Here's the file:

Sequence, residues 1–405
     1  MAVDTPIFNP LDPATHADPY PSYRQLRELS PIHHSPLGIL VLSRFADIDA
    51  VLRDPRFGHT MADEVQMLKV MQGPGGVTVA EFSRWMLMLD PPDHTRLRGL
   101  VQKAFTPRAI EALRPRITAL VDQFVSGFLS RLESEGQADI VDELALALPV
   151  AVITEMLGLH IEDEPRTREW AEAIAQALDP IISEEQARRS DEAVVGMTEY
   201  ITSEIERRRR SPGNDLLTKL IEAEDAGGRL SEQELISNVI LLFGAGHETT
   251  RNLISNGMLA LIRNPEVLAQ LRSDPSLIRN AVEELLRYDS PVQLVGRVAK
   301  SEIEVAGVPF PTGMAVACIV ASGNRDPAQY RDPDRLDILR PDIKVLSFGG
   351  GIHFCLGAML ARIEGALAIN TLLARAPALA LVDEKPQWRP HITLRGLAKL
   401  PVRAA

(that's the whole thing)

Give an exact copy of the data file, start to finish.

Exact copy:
Sequence, residues 1–405
     1  MAVDTPIFNP LDPATHADPY PSYRQLRELS PIHHSPLGIL VLSRFADIDA
    51  VLRDPRFGHT MADEVQMLKV MQGPGGVTVA EFSRWMLMLD PPDHTRLRGL
   101  VQKAFTPRAI EALRPRITAL VDQFVSGFLS RLESEGQADI VDELALALPV
   151  AVITEMLGLH IEDEPRTREW AEAIAQALDP IISEEQARRS DEAVVGMTEY
   201  ITSEIERRRR SPGNDLLTKL IEAEDAGGRL SEQELISNVI LLFGAGHETT
   251  RNLISNGMLA LIRNPEVLAQ LRSDPSLIRN AVEELLRYDS PVQLVGRVAK
   301  SEIEVAGVPF PTGMAVACIV ASGNRDPAQY RDPDRLDILR PDIKVLSFGG
   351  GIHFCLGAML ARIEGALAIN TLLARAPALA LVDEKPQWRP HITLRGLAKL
   401  PVRAA